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I’m on the road again, sitting in a club lounge at O’Hare airport. It’s another typical Tuesday late morning with a decent number of people busy typing (or in some case hunting and pecking) through emails.

With that setting here is a recap of a scenario that has just played out just a few feet from me:

The CISO Scenario

10:45am: I’m sitting at a communal work table and can’t help but overhear a CISO next to me struggle with someone on the phone about trying to determine what access three individuals have. I can’t be certain, but the situation doesn’t sound good. In my experience, a CISO is only on the phone with someone from IAM if there is a problem.

11:00am: The CISO and mysterious IAM person on the phone are, in real-time, looking up what these people have access to. I can see Active Directory Users and Computers open, along with a 3270 client accessing group connections in a RACF based system. They are now trying to figure out when they logged in, and what they think the people might be doing. It’s not going well based on statements like “How long will it take you do that? That long?!” and “Why are we not storing that info?” “so we are in the dark here.” I have a feeling someone is going to be making the case for an investment in some better privileged access management tools soon.

11:05am: The CISO is now pretty frustrated. He has accepted that he is not going to be able to get the information he wants and that the limited information they have will take some time to pull together.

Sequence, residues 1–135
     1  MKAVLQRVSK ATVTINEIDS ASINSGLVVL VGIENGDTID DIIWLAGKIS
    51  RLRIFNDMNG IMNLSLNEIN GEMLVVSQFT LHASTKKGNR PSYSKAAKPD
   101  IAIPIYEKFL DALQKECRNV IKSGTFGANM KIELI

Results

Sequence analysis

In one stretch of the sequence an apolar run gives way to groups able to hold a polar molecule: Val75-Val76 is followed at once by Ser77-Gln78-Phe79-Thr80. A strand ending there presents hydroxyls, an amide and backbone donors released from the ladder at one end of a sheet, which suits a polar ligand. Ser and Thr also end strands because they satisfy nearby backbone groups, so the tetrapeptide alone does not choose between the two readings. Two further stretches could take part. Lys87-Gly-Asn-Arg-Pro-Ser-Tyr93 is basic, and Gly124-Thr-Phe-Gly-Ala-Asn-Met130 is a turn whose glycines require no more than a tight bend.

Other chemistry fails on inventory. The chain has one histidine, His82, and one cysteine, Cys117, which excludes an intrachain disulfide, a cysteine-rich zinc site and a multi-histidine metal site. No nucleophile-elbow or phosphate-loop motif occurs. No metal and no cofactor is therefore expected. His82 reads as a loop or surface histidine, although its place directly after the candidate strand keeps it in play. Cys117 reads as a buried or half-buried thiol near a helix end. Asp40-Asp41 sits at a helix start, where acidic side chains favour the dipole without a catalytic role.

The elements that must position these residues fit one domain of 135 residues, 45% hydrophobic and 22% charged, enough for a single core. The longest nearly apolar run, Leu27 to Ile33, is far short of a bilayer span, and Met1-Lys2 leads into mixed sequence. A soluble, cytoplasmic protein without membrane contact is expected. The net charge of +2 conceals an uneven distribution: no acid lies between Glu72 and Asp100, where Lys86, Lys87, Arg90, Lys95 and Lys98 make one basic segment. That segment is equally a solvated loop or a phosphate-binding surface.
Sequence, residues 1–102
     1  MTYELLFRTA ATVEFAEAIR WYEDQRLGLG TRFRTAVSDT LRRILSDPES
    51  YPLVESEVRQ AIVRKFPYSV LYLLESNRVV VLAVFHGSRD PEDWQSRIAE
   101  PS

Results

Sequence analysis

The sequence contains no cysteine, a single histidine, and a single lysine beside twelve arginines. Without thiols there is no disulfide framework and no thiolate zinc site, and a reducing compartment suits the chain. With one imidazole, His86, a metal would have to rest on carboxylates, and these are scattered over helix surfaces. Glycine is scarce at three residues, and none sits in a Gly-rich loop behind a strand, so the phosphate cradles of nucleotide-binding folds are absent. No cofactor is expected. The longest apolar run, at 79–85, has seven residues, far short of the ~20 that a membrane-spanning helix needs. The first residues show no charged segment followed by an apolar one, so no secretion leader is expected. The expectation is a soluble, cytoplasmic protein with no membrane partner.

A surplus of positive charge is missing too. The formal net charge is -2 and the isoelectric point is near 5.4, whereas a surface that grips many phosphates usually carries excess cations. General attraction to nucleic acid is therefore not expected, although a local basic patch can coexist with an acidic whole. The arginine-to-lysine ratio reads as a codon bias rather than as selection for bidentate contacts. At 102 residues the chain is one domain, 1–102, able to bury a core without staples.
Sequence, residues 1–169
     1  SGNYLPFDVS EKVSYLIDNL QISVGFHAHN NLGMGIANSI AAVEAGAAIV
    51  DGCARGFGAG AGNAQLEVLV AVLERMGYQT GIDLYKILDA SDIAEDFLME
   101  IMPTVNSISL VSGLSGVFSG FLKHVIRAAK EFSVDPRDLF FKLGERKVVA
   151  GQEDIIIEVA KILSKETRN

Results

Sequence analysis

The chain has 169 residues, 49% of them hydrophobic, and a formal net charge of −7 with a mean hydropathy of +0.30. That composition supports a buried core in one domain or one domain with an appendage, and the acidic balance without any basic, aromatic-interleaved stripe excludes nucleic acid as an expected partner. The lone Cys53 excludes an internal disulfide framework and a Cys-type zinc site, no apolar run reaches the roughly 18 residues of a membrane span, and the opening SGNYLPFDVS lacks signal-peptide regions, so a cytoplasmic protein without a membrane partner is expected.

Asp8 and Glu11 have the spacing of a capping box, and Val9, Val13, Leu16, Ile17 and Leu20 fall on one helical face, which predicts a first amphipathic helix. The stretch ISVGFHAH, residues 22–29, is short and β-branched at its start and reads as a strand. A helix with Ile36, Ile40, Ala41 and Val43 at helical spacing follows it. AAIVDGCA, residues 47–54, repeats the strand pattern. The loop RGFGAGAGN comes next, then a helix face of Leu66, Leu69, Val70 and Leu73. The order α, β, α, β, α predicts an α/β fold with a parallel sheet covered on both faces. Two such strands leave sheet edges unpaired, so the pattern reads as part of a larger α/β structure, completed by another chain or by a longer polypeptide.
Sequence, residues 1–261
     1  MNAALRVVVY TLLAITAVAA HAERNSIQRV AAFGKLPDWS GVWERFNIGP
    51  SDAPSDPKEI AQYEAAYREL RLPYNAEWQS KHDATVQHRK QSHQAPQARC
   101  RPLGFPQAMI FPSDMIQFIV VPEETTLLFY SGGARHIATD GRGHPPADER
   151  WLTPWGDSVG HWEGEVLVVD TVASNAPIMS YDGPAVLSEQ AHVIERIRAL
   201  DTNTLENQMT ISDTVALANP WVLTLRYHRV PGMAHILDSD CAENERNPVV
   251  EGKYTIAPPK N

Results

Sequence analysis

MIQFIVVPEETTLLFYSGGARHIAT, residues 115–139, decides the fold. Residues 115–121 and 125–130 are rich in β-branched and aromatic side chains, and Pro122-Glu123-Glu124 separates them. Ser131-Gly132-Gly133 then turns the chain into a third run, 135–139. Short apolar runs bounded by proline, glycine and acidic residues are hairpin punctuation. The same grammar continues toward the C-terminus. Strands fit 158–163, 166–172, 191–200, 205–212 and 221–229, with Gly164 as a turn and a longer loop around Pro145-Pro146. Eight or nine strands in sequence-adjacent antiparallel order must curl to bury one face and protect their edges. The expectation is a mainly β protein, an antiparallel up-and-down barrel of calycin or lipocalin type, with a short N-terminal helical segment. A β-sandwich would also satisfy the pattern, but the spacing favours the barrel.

11:06am: The CISO gets up agitatedly and heads to get coffee. He left his machine unlocked and his Outlook email client open on the screen. This is how I knew he was a CISO – based on his email signature. You cannot make this stuff up, folks. ☹

The Struggle Continues in 2017

This gets me thinking about how many companies still – in 2017 – struggle with just the basics of IAM. If a CISO called you – or if you are a CISO calling someone – how quickly and accurately could a report of what a person has access to be generated?

Do you know what they have done with the access they have? Is it a manual, semi-manual, or fully automated process? When you are dealing with access issues, you want that information fast and you want it to be accurate. Knowing who has access to what is fundamental to an effective information security program. If you need help assessing the current state of IAM for your organization, we’d be glad to help.

Making a Confident IAM Technology Decision

Jeff Steadman

Jeff Steadman

As part of our advisory practice, I partner with our clients to help plan their IAM strategies. Prior to joining Identropy, I spent over a dozen years managing, building, and running Identity & Access Management programs, projects, and teams for SC Johnson and Walgreens.